Sunday, April 20, 2014

Happy Easter! And a Little History On Magic Rabbits and Eggs

Second, I'm not sure what Rabbits and Eggs have to do with Easter? But, I do know what the connection is to magic.

Of course, the Rabbit has become an iconic image often associated with the magician. This dates back to the 1800s. The first magician to 'pull a rabbit from a hat' was possibly a man named Louis Apollinaire Christian Emmanuel Comte, known as 'The Kings Conjurer'. Born June 22, 1788 in Geneva Switzerland, Comte became a popular Parisian performer. One of his more famous effects was borrowing a hat and producing various objects from it.

John Henry Anderson
However, The Great Wizard of the North, John Henry Anderson, is credited with popularizing the effect of a rabbit from top hat. If his advertising is any indication, Anderson not only pulled a single rabbit from a top hat but actually several! How or why this imagery of a rabbit and top hat become so associated with magicians, I'm not quite sure. Afterall, there are countless other wonderful effects that magicians have done but the rabbit/hat has stuck in the minds of audiences as meaning MAGIC.

Interestingly, even in the 21st Century, the image of top hat and rabbit is associate with magicians, even though hardly any magicians wear top hats (except for us Steampunk types, and some kid-show magicians) and very few even use rabbits. In fact the United States Govt has made it very difficult for magicians to use rabbits which is a story for another time.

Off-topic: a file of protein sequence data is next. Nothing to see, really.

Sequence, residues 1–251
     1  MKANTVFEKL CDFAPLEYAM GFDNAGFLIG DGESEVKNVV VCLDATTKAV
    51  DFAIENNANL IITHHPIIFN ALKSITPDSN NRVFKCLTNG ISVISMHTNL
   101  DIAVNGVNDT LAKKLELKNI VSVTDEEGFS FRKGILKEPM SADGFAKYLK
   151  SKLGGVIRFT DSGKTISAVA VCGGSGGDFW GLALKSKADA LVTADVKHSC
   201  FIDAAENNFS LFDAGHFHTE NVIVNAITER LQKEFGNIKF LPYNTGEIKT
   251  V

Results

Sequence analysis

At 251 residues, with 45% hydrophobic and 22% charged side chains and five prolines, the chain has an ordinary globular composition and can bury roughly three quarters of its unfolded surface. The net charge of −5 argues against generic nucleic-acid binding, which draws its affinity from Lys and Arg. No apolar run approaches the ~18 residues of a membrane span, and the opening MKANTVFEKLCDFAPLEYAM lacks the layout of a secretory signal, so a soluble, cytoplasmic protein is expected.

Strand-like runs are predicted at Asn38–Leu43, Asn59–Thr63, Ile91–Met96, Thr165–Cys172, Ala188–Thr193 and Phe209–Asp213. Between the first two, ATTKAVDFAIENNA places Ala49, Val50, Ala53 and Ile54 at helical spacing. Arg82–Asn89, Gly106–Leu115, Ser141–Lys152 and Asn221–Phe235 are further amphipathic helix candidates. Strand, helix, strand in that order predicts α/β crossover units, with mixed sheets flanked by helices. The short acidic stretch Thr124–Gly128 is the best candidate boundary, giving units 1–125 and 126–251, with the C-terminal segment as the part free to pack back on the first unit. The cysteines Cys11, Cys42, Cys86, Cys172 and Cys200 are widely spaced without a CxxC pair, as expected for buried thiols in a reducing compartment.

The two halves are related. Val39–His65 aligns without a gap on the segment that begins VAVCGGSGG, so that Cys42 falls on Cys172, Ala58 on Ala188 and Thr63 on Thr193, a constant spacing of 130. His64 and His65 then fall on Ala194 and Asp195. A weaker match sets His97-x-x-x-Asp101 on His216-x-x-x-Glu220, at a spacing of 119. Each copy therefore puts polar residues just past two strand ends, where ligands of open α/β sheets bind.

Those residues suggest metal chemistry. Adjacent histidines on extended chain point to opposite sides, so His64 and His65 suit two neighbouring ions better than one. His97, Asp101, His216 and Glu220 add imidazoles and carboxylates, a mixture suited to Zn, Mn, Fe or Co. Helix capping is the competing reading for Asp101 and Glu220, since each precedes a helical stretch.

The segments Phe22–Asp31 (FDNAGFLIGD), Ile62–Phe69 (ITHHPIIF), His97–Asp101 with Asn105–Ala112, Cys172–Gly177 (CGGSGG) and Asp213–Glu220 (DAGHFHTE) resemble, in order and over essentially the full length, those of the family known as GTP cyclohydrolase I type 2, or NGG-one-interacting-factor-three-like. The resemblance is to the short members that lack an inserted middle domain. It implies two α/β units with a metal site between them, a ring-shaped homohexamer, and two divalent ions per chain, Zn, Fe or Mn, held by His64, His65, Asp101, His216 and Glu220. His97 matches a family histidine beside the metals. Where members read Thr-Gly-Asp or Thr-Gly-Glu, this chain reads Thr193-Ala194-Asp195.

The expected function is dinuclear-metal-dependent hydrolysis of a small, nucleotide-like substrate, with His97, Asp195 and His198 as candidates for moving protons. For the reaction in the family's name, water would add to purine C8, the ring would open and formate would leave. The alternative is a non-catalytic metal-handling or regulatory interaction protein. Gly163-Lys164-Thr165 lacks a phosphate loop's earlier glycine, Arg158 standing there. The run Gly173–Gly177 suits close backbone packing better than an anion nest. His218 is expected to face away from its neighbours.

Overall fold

NOW let's look at the EGG. When you see an egg you don't think of magic or magician, but magicians have been using them for hundreds of years. In the 1700s a magician named Isaac Fawkes was a popular 'Slight of Hand-Man'. He performed at Fairs and Festivals in Europe and was known to conjure with eggs. He might have been the creator of the early Egg Bag, which can be seen in the image to the left. The Egg Bag was a cloth bag that could be turned inside and out and yet produce egg after egg after egg and eventually a live chicken.

A little more than 100 years later, the Egg Bag remained in the repetoire of magicians though it had gone through some changes. Max Malini introduced a bag which was much smaller and used only a single egg. The productions and vanishes of the egg became even more mysterious and impossible in his hands.

An interesting combination of the top hat and eggs occurred in a trick called 'Boy, Girl and Eggs'. It began with the magician getting two volunteers onstage, a boy and girl. An empty top hat was displayed and the magician would reach inside and produce an egg. This egg would be handed to the girl who was instructed to give it to the boy to hold. Then another egg was produced and the same procedure followed. After 5 or 6 eggs the boy found it rather difficult to hold onto the eggs and the comedic moment kicked in. The magician and girl acted oblivious to the boys dilema while the audience forgot about the incredible countless production of eggs from an empty hat and instead focused on the boy struggling to hold onto the eggs. Needless to say he would eventually drop one here and there. Both David Devant and Howard Thurston made this routine popular in their respective shows.

Today, egg tricks can still be found in the world of magic. One of my personal favorites was demonstrating the true strength of an egg by wrapping it in a cloth and having a spectator try and crush it with the grip of their hand. If done correctly, the egg will not break! But in my routine, it never failed that the spectator would break the egg and ruin my cloth handkerchief. So I would snap my fingers and remove the egg, completely restored and intact! Then I would break it into a glass to prove it was real! Most of these tricks have their origins in the Victorian Era but good magic still captivates even today!

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